However, Thingol had initially first welcomed the children of Finarfin into Doriath, as grandchildren of his brother Olwë. Meanwhile, Galadriel and Finrod, following an initial visit to Thingol’s isolated kingdom by their brother Angrod, came to Doriath where Galadriel was to eventually stay for an extended period of time to learn what she could of Melian the Maia. There, Galadriel fell in love with and was courted by Celeborn, a prince of Doriath and close kinsman of Thingol. Already gifted among the Noldor, Galadriel was to become, by the Second Age, with the knowledge she gained from Melian and her connection to the Sindar through her marriage to Celeborn, both in terms of elven magic and political fortuitousness, perhaps the strongest elf remaining in Middle-earth.

When Thingol finally heard, through Cirdan, reports of the kinslaying at Alqualondë, already deeply mistrustful of the exiled Noldor, Thingol declared his complete antipathy for them. When Thingol confronted Finrod with Círdan’s account, the noble Finrod remained silent, unable to excuse his family’s role in the rebellion of the Noldor by blaming others alone for the resultant kinslaying. Finrod’s brother, Angrod, apparently less meticulous in his conscience, let slip the entire story. Thingol did eventually pardon Finarfin’s family, but he, nonetheless, stuck by his famous ban against the usage of Quenya, the tongue of the Noldor, within his realm: “All the Sindar shall hear my command that they shall neither speak with the tongue of the Noldor nor answer to it. And all such as use it shall be held slayers of kin and betrayers of kin unrepentant" (Quenta Silmarillion, “Of the Noldor in Beleriand”).

One of the biggest stories in Tolkien’s legendarium, of course, is the romance of Lúthien the daughter of Thingol, who is described as the most beautiful of all the Firstborn, and Beren, a Man of the House of Bëor. It was Lúthien’s entanglement with Beren and Thingol’s intervention in their relationship that would to lead Thingol to his ultimate doom. When Beren declared his love for Lúthien, Thingol, against the advice of Melian, demanded nothing less than a Silmaril from the crown of Morgoth as a bride price for his daughter.

Undoubtedly, Thingol believed that the task he had set for Beren would be impossible to complete. Beren and Lúthien together eventually succeeded in acquiring the Silmaril. The price, however, was inestimable. Both the great Finrod and Huan the Hound, given to Fëanor’s son Celegorm by Oromë, died in aiding and protecting Beren and Lúthien. Nor did the tragic consequences of Thingol’s lust for the Silmaril end there.

Once Thingol took possession of the Silmaril he became enthralled by it and jealous of it. Thingol commissioned the Dwarves of Nogrod to set the jewel in the famed Dwarven necklace, the Nauglamír. The lure of the Silmaril also ensnared the Dwarven craftsmen who demanded the Nauglamir in payment for their work, an obvious ploy to acquire the Silmaril. When Thingol refused to give it to the Dwarves, their lust for the Silmaril led them to murder Thingol to acquire it.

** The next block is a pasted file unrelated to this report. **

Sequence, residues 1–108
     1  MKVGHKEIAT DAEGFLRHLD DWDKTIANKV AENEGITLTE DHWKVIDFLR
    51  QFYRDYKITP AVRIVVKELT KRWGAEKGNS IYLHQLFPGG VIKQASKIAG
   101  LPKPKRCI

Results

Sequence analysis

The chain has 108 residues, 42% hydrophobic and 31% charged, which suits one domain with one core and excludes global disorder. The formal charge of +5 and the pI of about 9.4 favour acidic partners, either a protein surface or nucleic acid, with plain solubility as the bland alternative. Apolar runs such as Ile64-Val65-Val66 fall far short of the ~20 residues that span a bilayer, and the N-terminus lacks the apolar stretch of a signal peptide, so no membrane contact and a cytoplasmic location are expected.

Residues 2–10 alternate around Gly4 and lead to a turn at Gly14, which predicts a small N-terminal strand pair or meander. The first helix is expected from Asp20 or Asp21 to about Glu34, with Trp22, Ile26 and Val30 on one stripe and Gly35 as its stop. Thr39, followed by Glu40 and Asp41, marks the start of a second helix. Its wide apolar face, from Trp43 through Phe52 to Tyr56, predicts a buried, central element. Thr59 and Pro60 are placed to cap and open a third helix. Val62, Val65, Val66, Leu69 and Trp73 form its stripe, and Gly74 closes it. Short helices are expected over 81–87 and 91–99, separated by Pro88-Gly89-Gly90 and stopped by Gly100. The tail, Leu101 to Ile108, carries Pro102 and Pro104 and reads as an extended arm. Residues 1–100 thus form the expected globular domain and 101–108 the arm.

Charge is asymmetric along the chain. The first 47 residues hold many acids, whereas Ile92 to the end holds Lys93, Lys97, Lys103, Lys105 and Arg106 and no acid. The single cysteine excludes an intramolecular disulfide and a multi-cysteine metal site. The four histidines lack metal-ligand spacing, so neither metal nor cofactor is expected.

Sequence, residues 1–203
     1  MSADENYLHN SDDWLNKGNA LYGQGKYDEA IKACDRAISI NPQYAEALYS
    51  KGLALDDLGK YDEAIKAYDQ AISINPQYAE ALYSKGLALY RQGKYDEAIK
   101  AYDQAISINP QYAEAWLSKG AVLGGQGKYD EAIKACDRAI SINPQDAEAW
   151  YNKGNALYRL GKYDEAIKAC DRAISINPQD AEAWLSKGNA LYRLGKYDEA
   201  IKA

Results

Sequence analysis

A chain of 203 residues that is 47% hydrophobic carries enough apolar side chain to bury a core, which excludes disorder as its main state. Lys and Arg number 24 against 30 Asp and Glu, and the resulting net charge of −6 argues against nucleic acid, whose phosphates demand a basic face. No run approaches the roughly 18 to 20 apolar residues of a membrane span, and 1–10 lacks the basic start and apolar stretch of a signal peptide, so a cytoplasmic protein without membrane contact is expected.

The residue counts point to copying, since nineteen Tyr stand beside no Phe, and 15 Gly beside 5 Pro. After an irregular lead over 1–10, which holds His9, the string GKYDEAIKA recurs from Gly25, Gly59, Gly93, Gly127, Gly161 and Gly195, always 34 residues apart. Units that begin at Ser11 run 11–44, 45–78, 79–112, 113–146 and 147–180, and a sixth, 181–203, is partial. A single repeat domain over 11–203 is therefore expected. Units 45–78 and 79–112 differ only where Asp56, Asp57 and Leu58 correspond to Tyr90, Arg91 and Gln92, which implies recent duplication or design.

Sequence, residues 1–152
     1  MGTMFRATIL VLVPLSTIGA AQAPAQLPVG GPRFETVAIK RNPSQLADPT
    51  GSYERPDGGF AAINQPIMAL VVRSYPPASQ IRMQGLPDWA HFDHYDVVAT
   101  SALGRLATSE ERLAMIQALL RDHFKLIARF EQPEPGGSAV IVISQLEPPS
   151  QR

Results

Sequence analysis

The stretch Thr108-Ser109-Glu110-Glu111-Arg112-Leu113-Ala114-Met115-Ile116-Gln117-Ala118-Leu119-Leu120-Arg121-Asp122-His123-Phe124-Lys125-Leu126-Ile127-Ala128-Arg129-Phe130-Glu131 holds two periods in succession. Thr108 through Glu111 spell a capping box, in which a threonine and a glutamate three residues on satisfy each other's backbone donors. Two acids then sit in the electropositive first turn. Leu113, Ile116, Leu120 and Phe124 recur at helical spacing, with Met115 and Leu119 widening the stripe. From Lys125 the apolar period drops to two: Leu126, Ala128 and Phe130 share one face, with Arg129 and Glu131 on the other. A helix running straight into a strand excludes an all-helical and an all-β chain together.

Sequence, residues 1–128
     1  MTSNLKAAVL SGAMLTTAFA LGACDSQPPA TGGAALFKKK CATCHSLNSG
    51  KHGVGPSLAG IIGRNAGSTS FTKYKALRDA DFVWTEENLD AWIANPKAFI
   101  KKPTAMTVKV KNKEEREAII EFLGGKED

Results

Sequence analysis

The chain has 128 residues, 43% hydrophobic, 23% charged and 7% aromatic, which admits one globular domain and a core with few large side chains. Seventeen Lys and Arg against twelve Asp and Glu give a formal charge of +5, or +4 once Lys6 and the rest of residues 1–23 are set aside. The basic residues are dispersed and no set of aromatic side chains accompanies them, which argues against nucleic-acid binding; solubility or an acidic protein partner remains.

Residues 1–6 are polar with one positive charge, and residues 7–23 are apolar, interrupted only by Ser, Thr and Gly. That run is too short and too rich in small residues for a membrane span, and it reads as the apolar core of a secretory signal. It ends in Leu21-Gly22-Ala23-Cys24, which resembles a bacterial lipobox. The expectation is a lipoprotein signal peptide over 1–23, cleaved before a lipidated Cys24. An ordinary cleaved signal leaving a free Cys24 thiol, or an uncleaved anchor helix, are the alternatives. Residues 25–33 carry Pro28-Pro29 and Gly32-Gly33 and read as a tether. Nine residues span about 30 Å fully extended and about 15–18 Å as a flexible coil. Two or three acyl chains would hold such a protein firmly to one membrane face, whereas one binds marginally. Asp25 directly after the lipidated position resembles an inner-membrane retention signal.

The events that followed led inevitably to Doriath’s destruction and the scattering of Thingol’s once-sheltered people. Desperate in her grief at Thingol's death, Melian abandoned Middle-earth to return to Aman as a Maia. The Silmaril eventually reverted again to the possession of Beren and Lúthien, where it remained until they left it to their son and heir Dior. His refusal to hand it over to the sons of Fëanor resulted in the Second Kinslaying, in which Dior was killed. One final attempt to secure this same Silmaril provoked the Third Kinslaying, the attack upon the Mouths of Sirion, where Dior's daughter Elwing held the coveted stone. The Silmaril once held by Thingol was delivered by Elwing to her husband Eärendil, who wore it aboard the ship Vingilot, whence it appeared as a shining star in the night sky, and brought again close to Middle-earth by Eärendil lighting the battlefield during the War of Wrath.

Although the events surrounding the Doom of Elu Thingol would seem to have been completed by the end of the First Age, the line of descent from Thingol extended through and beyond the Third Age. Those descendants included Elrond and Elros, and, through them, extended to both Arwen and Aragorn, among others.

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About the Author

Oshun's Silmarillion-based stories may be found on the SWG archive.